The emotion-memory trick is probably the best weapon in your arsenal, but there are some others as well. For example, a growing body of research suggests that taking photos of events leads to poorer recall of them later on. As Linda Henkel, a psychologist at Fairfield University, explained on "All Things Considered" back in May, “As soon as you hit 'click' on that camera, it's as if you've outsourced your memory. Any time we ... count on these external memory devices, we're taking away from the kind of mental cognitive processing that might help us actually remember that stuff on our own.” It’s easy, especially when everyone around you has their phone out, to give in to the temptation to snap photo after photo when you’re having fun. But this could be counterproductive in the long run, so your best advice to is to suppress your shutterbug tendencies. (As for whether pulling your phone out during a family fight could help prevent vivid memories from forming—well, let us know how that goes.)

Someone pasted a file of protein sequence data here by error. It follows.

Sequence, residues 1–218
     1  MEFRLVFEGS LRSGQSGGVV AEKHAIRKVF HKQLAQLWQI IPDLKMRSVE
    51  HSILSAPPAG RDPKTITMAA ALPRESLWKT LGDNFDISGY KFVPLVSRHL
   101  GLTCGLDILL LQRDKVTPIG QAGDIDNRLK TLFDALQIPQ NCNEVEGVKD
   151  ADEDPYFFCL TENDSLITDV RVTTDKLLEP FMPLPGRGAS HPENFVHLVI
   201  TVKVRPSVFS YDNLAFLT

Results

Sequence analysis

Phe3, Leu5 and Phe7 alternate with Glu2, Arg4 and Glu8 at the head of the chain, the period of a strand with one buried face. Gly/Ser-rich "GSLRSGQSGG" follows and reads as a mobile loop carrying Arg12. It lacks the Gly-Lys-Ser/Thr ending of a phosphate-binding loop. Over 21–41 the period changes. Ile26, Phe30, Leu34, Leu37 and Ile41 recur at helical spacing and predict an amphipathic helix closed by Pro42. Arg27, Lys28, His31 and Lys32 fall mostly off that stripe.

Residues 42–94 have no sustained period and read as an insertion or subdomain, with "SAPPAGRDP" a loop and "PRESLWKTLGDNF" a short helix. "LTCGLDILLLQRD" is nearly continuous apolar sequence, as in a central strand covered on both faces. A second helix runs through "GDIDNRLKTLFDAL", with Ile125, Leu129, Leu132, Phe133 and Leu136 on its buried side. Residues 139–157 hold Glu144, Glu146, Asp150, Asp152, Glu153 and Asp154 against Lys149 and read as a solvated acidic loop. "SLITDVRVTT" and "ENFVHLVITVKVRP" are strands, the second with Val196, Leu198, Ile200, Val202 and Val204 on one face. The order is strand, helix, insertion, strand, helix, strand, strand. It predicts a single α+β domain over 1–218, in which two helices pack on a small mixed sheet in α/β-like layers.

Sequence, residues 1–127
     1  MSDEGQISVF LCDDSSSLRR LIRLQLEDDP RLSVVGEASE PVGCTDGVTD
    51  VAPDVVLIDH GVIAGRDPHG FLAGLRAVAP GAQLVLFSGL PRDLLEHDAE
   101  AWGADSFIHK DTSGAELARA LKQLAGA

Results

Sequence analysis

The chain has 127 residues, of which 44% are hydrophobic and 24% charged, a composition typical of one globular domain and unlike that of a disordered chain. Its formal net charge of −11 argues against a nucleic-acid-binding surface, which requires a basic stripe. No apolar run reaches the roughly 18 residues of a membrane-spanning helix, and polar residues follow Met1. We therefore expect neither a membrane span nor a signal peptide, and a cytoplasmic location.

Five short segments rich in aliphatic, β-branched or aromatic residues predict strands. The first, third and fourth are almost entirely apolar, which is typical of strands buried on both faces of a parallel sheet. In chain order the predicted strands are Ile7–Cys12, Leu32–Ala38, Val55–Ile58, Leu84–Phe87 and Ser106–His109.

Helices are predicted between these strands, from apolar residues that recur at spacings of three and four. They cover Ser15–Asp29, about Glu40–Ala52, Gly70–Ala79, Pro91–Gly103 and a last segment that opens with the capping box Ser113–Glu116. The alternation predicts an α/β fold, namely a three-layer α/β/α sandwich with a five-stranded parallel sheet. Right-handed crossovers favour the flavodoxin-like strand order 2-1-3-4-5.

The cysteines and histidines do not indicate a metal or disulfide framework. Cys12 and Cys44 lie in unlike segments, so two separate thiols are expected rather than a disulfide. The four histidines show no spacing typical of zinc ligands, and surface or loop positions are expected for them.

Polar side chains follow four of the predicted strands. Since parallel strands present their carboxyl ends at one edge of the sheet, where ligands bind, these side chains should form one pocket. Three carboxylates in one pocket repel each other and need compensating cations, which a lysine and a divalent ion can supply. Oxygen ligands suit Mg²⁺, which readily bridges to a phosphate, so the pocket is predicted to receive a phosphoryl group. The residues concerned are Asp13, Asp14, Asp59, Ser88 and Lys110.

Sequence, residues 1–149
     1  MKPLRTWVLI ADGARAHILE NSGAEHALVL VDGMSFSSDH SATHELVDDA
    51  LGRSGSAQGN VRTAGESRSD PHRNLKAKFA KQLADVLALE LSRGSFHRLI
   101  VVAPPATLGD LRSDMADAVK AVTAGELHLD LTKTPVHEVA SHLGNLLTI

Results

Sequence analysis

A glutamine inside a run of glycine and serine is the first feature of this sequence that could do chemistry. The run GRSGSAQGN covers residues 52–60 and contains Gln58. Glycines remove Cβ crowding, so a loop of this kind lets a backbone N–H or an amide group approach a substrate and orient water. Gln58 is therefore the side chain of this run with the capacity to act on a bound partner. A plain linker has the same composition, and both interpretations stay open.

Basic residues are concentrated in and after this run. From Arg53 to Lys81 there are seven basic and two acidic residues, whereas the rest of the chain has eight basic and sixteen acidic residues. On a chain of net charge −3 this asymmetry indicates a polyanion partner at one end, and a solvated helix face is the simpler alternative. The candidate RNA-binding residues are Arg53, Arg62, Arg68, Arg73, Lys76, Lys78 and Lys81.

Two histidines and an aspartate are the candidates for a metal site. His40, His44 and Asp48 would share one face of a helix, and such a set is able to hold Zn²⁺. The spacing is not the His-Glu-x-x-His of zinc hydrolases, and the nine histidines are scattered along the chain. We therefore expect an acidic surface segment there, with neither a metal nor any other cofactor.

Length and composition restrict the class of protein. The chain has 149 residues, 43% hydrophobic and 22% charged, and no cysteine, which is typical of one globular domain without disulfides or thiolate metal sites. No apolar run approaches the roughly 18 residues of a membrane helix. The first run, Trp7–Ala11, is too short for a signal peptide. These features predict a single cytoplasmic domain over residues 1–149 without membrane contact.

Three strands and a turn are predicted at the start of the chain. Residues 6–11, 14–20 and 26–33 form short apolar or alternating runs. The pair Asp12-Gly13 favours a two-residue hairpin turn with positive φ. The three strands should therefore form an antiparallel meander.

Finally, there’s a fairly straightforward step you can take in the weeks after the holidays. “One way to keep memories strong is reactivating them though reminiscence and sharing stories,” said Henkel in an email. “We not only strengthen our memories that way, we strengthen the social bonds that help us feel a sense of belonging and help us find meaning in our lives.” So if you want to remember the good times you had, actively reflect on them and talk about them with those who were there. Human memory doesn’t work like a hard drive, where data is stored in a pristine, semi-permanent state, available for retrieval whenever it’s needed—rather, memories reinforce themselves when we think or talk about them. Again, the same logic applies in reverse: If you want the bad memories to simply fade away, try not to dwell on them.
It’s easy to feel overwhelmed and batted-around during the holidays. But we do have at least a little bit of freedom to shape our year-end memories. It might take some conscious effort, but you’ll thank yourself a decade from now when you’re not plagued by vivid—and unnecessary—memories of bickering with your still-bossy older sister.